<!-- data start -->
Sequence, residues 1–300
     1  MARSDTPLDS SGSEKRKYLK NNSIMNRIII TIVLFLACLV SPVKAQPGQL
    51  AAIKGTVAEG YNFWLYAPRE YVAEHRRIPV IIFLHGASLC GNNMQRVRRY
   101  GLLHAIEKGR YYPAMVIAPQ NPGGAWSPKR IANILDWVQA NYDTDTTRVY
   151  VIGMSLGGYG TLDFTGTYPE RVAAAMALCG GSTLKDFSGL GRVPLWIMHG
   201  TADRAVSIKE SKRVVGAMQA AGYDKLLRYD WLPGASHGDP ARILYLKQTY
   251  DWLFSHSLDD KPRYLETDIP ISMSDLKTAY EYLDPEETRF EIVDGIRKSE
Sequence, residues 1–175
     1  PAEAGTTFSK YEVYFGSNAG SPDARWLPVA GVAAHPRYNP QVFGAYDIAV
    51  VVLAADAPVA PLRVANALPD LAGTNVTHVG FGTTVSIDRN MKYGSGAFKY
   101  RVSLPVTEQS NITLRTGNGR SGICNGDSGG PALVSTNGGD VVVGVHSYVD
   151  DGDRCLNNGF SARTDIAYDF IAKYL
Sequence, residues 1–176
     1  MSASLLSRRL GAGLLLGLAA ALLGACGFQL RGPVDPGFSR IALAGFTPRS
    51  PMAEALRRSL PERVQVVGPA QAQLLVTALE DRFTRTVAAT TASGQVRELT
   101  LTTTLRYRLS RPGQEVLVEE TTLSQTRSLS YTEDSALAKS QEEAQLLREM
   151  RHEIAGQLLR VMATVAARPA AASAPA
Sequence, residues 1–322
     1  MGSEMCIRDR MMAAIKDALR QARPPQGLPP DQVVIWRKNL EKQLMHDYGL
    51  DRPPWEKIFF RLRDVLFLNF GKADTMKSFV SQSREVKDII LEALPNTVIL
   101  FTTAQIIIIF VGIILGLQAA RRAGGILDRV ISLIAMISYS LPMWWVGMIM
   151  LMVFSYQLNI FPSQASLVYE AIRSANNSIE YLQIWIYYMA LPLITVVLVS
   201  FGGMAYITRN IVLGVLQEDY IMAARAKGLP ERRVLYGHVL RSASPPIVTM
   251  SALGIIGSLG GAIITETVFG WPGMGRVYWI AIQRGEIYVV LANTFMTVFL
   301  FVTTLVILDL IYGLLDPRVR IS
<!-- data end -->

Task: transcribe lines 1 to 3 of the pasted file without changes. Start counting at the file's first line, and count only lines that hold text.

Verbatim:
Sequence, residues 1–300
     1  MARSDTPLDS SGSEKRKYLK NNSIMNRIII TIVLFLACLV SPVKAQPGQL
    51  AAIKGTVAEG YNFWLYAPRE YVAEHRRIPV IIFLHGASLC GNNMQRVRRY